Meg Tuite’s novel-in-stories, DOMESTIC APPARITION, is a riveting, somewhat heartbreaking romp through the growing up years of a Catholic girl, Michelle. She gets high with and worships her rebellious lesbian sister, admires her nerdy, genius brother, and is afraid of their sometimes violent father.  The book travels from childhood where Michelle and her sister trick their cousin into chugging a glass of straight liquor, to her early twenties where Michelle works at a job she hates with a woman she learns to admire.  In between there is stolen art, lessons on the Papal history, and a tall girl who gets a thrill from defecating on a neighbor’s lawn.

My mother was the one who sent me Donald Ray Pollock’s first book, KNOCKEMSTIFF.  She had heard him on NPR, called me that day and told me about the interview.  Then she read the book and it was all over for her, true love.  It’s sort of like my daughter with Justin Bieber.  KNOCKEMSTIFF is a captivating, extraordinary book that will knock you over but, amazingly, Donald Ray Pollock’s second book, THE DEVIL ALL THE TIME, is even better.  It was a pleasure to talk to Donald Ray Pollock about his new book.  He is modest, kind, and one of those people whose success makes you happier than it does jealous.

A touching, funny, and unflinching look at a dysfunctional family, Drinking Closer to Home (Harper Perennial) by Jessica Anya Blau is a history that many of us may have lived. Hippie parents, competition between siblings, and the growing pains that we all endured: these are the fond memories and nightmares of our youth. What do you do when your mother quits being a mother? When your father grows pot plants in the back yard? When your older sister turns into a cigarette smoking, hard drinking woman on the prowl? When your younger sister retreats into her shell, a beach bunny with hidden dreams? When you suspect your brilliant brother of being gay, a ghost lost in the shadow of his dominant sisters? These stories are told in a series of flashbacks from 1968 to the present while the family is gathered around the hospital bed of their mother as she recuperates from a heart attack. Their sordid tales of youth and adventure unfold at a rapid clip, as the present-day regrets and promises to change float about the sterile hospital room and the messy homestead as well. Louise the freewheeling mother; Buzzy the worrisome father; Anna the wild older sister; Portia the heartbroken younger sister; and Emery the shy brother, run us through the wringer, and in the process, endear themselves to us—holding up mirrors, and windows, and open hands, looking for forgiveness.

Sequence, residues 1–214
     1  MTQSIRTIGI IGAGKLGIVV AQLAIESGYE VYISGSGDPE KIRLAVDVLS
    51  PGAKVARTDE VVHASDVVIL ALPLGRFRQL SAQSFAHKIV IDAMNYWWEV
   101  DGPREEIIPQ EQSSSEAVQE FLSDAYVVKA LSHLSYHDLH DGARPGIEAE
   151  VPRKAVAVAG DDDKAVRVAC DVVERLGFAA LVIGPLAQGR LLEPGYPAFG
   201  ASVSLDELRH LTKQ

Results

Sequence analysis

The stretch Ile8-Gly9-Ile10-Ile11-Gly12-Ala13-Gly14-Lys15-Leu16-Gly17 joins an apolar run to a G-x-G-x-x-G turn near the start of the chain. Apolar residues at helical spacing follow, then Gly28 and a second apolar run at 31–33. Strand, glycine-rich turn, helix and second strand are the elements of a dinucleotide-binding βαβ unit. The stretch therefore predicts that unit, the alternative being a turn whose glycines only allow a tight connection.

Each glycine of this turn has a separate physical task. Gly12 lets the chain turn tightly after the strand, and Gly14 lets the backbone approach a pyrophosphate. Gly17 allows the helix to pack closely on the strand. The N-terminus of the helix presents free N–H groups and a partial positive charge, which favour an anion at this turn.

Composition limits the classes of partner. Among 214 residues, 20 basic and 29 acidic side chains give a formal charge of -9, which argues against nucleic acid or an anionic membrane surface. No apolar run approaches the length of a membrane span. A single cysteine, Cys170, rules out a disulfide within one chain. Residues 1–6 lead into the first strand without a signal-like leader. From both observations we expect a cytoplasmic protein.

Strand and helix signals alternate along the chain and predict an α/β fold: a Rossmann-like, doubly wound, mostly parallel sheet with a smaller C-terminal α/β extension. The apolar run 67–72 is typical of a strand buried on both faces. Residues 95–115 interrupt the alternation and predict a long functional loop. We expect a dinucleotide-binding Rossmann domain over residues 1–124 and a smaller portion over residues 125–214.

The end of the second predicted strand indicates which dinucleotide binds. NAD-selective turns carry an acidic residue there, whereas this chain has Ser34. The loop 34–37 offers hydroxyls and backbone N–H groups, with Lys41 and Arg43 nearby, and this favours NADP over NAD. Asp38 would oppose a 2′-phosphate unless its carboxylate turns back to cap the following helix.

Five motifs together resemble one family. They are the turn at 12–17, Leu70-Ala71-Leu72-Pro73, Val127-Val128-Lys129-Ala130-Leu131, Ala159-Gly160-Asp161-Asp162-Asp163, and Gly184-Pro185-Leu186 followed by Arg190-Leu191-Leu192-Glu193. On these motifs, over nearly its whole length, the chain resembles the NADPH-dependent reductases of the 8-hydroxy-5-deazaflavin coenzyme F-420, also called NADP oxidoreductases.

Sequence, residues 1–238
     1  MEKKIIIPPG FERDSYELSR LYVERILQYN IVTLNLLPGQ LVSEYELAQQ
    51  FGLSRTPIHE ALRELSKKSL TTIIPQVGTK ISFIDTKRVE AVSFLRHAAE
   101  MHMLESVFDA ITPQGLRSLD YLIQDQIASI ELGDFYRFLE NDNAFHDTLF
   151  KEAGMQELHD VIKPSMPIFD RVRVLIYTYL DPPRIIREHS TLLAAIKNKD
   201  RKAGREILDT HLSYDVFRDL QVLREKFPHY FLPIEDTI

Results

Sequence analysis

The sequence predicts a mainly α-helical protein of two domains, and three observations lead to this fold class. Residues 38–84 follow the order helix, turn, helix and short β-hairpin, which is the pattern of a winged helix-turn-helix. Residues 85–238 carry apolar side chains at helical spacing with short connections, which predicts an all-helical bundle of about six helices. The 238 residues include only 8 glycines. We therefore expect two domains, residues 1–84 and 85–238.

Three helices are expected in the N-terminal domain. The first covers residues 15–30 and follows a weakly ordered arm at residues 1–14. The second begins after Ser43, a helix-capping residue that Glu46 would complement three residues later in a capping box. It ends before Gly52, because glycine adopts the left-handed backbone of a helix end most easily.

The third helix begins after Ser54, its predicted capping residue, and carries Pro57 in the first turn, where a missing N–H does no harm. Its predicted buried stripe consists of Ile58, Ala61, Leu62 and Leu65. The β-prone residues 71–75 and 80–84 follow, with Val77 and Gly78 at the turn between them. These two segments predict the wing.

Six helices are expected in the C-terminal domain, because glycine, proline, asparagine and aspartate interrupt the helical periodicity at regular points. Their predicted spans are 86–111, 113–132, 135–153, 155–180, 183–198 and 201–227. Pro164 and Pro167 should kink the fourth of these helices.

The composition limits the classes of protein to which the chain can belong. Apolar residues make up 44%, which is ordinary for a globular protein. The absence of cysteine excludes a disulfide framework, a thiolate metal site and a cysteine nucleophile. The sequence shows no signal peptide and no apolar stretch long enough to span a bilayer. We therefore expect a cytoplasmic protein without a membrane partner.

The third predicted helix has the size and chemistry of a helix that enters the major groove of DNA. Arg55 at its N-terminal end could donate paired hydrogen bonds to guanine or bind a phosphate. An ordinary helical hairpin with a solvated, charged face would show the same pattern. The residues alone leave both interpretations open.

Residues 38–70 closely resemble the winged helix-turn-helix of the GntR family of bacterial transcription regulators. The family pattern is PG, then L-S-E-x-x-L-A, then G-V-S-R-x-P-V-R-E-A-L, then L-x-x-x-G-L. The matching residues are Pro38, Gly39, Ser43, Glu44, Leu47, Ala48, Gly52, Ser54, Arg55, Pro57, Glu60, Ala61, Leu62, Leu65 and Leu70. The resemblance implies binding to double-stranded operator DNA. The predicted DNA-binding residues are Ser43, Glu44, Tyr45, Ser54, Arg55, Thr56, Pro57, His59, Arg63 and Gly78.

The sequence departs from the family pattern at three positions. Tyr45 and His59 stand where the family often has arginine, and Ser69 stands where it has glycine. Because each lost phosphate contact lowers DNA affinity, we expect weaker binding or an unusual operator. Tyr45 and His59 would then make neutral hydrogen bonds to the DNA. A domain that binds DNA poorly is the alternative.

It smelled like men. And maybe that was because there were over thirty of them and only three women. One woman was teaching naked yoga and as far as I could see (I dipped my head in to glance at the class), all the followers were men.

It seems as though everyone is talking about Michael Kimball and his new newly released novel, US.  Sam Lipsyte calls Kimball a “Hero of contemporary fiction.”  Blake Butler says US is one of only two books that ever made him cry.  And Gary Lutz says that Kimball is “One of our most supremely gifted and virtuosic renderers of the human predicament.” 

US might break your heart, but it’s a good kind of break-the kind that reminds you how nice it is to be alive.

Francine Prose is way more prolific than you or I.  She has written fourteen novels, three short story collections, one children’s book, and four books of non-fiction.  Additionally, she teaches, writes book reviews for the New York Times, is a a contributing editor at Harper’s magazine, a Distinguished Visiting Writer at Bard College,  has won a Guggenheim award, has been nominated for a National Book Award, and has been president of the PEN American Center.  Her subject matter ranges from her fascination with Anne Frank, to the sordidness of faculty affairs at colleges, to Caravaggio, to 911, to death, life, and love. Her work is often funny, sometimes irreverent, occasionally serious, and always smart and beautifully crafted.  I sat down with Francine at Japonica in New York City to chat with her about writing, publishing, her new novel, marriage, and the semester she was my teacher in graduate school.

Due to computer poltergeists, a portion of the conversation was lost.  You’re coming in mid-chat here after Brad has admitted that he’s from Indiana.

 

Jessica Anya Blau (JB): I don’t even know what Indiana is. I can’t imagine it.

 

Brad Listi (BL): It was bleak. A cultural void. Terrible weather. Bad sports teams. (Which have since improved.)

So here’s a question from Art . . . .